And according to the dialog, Luke feels the rise of the dark side this time was his doing. He blames himself for Kylo Ren. In one respect he is right. The moment he discovered his nephew was strong in the force, he should have started training him. That Leia knows who he is indicates that he had some political role in the New Republic at one point. Or that he had taken over a chunk of the old Empire and his rule was known. How he influenced Ben Solo is not explained. But it is clear from the dialog that Luke waited to train Ben and by the time he started it was too late. Luke was left for dead and he headed out to find the something and ended up on Ahch-to. Luke clearly feels that the Jedi training techniques are flawed and don’t provide what some need to avoid the dark side. His first lesson to Rey is on balance and he freaks out when she doesn’t hesitate to explore the dark side. I think that fear he showed really is telling for how badly Ben’s fall hit him.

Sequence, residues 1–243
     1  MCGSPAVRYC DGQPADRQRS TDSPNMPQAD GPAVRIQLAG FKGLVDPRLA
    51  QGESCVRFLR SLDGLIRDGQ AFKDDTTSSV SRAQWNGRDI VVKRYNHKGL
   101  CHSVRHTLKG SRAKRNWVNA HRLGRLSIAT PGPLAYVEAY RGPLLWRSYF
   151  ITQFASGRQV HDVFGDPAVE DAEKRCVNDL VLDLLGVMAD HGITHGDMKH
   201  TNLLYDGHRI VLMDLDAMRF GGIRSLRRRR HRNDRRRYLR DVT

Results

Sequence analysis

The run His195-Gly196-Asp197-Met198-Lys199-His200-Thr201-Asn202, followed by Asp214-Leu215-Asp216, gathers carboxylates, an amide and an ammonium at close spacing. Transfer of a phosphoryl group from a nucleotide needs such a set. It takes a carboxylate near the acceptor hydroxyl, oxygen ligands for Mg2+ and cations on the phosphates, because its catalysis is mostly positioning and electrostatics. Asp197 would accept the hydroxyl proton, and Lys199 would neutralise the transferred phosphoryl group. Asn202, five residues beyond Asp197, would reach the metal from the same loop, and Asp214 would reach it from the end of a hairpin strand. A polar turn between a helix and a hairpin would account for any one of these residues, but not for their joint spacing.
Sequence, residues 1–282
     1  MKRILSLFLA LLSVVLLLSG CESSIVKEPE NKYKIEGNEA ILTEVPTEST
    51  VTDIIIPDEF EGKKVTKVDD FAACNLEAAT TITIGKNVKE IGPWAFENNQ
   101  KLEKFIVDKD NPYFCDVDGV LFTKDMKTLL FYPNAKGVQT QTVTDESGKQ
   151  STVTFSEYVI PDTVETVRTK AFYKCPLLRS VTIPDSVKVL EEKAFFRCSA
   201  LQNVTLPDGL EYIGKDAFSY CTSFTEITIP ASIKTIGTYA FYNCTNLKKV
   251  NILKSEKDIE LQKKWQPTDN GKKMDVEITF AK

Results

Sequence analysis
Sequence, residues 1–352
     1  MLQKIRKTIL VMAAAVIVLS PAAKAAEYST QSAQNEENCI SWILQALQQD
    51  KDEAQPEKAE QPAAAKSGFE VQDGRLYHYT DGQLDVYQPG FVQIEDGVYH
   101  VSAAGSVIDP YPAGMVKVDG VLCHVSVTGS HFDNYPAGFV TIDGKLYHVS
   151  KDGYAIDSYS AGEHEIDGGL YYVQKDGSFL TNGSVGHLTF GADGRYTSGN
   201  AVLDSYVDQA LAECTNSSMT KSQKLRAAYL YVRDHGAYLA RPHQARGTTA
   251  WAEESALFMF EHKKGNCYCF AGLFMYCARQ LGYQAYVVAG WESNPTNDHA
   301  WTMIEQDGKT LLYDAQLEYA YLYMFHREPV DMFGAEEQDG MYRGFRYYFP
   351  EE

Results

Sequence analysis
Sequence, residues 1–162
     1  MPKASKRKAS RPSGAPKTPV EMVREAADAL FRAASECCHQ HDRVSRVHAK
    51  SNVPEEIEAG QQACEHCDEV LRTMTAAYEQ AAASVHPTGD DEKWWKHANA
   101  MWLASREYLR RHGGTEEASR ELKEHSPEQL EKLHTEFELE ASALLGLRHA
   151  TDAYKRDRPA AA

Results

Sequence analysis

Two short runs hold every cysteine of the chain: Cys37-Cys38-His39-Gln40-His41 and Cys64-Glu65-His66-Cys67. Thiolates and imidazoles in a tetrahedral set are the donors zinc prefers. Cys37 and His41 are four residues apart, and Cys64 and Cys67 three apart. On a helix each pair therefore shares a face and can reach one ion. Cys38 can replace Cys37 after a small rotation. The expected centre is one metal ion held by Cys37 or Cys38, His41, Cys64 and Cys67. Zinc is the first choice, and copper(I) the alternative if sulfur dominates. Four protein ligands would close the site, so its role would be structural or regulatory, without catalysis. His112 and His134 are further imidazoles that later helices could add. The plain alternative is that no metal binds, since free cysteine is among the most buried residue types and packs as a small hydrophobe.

Post
#1162696
Topic
The Last Jedi: Official Review and Opinions Thread ** SPOILERS **
Time

DrDre said:

SilverWook said:

DrDre said:

DominicCobb said:

Collipso said:

DominicCobb said:

Collipso said:

Still talking about Luke, I’ll try to clear things up a little bit. I don’t really have a problem with Luke not living up to be the legend he was made out to be. I just don’t understand, for example, how did the legend originate. Like I said in a previous post, his victories were mostly personal and (should be) unknown to the rest of the galaxy, except for destroying the first Death Star. But I can see how a myth or some mystery feeling would grow around him, given that most people probably thought that the mysterious nature of his activities and his sad devotion to an ancient religion were suspicious and weird. And mysterious and wizardry. Anyway.

I don’t get why the tales of his bravery wouldn’t spread and balloon. And he had more victories than we saw in the films.